There’s no great way to proceed.

Admit the error in the moment and you still look bad, continue the pitch as created and then follow up after the meeting with updated images also doesn’t look good. At worst there is lost business and at best there is a lot of wasted time cleaning up for sending the wrong assets. The costs of using the wrong assets in a situation like this varies and can range from wasting a few hours of an employee’s time to clean up errors, impossible to measure harm to your reputation, and the high costs of lost business. In each instance, it might be $100 lost or it might be tens of thousands or more.

This presentation example may seem far-fetched but we’ve seen it happen and can tell you that it really shakes up the company. A more common example, and one that is likely even costlier, is feeding incorrect assets to an ecommerce site. You may have thousands of people buying a product based on product photos that are incorrect. It’s not too hard to picture the damage something like that could do.

Brand Weakness

Most companies spend lots of time and sometimes many millions to develop their brand and brand assets. Getting everyone on the same page to tell a consistent brand story is critical to ensuring the success of the brand. Sometimes the best intentions don’t lead to the best results and that brand consistency suffers.

This may be the hardest to measure impact of poor digital asset management. If you have an easy way to measure the strength of your brand, then I recommend you drop what you are doing and start a company selling brand measurement services. You’ll make millions in no time.

Even without an easy way to calculate, we believe the potential brand harm is easy to understand. The best case scenario is missed opportunities for a cohesive brand story, and the worst case scenario is a confused brand that loses your company goodwill and customers.

So, what’s the ROI?

Like with all things, it depends. The makeup of your team, the quality of your internal processes, and the quality of communication within the organization all impact the costs described above. As we’ve shown, even for small teams, the costs that could be saved with digital asset management are (very conservatively) in the tens of thousands of dollars per year and can easily grow into hundreds and hundreds of thousands of dollars per year for large teams or companies using outdated processes.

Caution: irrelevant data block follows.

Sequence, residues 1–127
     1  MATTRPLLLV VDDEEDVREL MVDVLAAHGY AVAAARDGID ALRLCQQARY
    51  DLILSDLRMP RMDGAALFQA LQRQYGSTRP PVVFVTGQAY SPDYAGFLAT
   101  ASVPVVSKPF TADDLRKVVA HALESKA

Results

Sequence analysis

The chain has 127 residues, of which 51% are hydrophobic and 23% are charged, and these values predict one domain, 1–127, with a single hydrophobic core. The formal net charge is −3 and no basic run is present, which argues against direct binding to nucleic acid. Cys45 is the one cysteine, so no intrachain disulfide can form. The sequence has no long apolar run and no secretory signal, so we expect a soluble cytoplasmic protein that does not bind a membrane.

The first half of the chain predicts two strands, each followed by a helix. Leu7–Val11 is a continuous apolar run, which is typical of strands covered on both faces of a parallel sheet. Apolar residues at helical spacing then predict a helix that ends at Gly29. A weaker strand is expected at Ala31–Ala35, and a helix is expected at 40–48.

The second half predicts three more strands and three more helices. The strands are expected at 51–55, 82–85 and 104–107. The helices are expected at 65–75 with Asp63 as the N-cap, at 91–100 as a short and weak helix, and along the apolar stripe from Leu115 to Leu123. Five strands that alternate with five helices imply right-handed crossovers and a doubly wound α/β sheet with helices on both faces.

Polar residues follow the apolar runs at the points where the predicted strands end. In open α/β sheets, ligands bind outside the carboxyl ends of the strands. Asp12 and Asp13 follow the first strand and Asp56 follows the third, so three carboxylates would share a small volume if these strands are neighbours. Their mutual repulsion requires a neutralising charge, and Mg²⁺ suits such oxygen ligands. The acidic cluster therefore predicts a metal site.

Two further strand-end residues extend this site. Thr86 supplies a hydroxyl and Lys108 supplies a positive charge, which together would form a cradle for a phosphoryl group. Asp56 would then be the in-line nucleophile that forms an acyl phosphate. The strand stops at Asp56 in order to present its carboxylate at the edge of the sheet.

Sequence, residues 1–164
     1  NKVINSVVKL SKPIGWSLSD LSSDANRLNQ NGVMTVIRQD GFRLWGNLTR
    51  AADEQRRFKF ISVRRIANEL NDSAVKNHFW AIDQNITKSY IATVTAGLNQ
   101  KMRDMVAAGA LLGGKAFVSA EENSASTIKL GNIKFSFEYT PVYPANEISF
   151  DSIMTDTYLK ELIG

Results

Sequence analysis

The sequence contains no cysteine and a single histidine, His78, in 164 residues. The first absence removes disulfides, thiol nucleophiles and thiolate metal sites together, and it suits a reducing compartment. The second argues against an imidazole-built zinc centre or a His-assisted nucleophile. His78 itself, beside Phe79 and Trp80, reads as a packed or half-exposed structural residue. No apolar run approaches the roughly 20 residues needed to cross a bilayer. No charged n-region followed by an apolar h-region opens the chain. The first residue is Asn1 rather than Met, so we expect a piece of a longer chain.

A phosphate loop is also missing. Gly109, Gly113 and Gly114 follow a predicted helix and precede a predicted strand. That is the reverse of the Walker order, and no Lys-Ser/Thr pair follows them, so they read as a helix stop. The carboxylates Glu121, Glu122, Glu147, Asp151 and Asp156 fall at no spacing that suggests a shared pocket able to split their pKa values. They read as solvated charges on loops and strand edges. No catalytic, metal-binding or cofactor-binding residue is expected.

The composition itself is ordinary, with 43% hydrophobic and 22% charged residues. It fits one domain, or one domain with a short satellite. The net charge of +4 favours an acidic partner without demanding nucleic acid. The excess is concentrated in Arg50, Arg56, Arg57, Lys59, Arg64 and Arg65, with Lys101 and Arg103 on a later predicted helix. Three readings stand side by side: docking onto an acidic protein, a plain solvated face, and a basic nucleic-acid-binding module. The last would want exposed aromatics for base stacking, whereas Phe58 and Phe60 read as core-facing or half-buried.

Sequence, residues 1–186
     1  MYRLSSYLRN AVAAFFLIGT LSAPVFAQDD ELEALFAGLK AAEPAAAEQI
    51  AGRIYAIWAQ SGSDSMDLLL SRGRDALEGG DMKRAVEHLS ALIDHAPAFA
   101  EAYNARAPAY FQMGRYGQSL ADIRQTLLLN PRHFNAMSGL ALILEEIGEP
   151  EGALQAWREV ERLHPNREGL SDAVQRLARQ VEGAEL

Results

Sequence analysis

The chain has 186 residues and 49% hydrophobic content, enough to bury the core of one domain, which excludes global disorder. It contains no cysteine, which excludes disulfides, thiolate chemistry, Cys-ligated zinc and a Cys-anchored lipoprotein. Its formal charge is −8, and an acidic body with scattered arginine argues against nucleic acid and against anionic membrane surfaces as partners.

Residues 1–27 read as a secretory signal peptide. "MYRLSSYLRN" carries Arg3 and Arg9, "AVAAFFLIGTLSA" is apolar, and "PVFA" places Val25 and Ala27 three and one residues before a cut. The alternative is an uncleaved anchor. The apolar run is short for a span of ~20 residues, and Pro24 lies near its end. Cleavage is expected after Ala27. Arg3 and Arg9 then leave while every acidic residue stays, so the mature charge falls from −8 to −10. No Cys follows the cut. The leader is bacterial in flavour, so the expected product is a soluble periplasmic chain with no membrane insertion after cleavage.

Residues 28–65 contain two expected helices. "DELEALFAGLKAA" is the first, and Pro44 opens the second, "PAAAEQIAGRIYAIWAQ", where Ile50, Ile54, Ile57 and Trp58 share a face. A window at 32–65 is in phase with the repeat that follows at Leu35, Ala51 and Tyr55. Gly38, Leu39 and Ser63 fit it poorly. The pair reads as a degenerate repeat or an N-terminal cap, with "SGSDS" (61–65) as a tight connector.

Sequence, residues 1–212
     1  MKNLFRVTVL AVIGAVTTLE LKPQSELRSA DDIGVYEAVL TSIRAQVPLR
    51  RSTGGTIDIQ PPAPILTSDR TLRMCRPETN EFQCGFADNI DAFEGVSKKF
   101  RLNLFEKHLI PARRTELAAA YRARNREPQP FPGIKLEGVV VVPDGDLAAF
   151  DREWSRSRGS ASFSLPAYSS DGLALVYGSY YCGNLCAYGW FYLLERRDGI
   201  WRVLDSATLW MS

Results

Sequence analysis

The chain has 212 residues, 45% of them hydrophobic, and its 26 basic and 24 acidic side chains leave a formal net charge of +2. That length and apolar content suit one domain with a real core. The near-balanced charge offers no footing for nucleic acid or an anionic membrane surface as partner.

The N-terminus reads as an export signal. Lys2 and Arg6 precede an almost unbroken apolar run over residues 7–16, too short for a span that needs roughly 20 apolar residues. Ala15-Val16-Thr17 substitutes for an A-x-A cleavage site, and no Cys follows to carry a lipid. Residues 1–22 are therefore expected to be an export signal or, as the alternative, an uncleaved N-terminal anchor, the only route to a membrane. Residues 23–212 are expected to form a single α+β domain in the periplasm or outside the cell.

Digital asset management systems can range from as little as about $1000 per year for a limited product for a small team to as much as $20,000+ per month for a sophisticated enterprise solution used across a company.

Here’s one last equation:

ROI = (Gain from investment - cost of investment)/(cost of investment)

*Expressed as a %.

And here again is that small team of six marketers using Image Relay’s Professional product and considering only their search and fulfillment costs.

Gain from investment = $68,400 saved in search costs + $20,000 saved in fulfillment costs = $88,400

Cost of investment = $9,000 ($750 per month)

ROI = ($88,400 - $9,000)/$9,000 = 882.22%

We’re proud of numbers like that and they are the reason why our clients have rated Image Relay as the digital asset management software with the highest ROI.






 

Image Relay makes sharing our digital assets among our team, partners, and vendors and posting to social media quick, safe and easy. . . We simply could not enhance, nor build our farmers' brand without the team and the tools from Image Relay.

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Roberta MacDonald Cabot Creamery

Image Relay allows our company to keep our digital assets extremely organized in a central location that can be accessed by all of our customers across the world. It’s easy to use, easy to understand, and is the best solution out there for Digital Asset Management. Period.

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Ed Rock Remo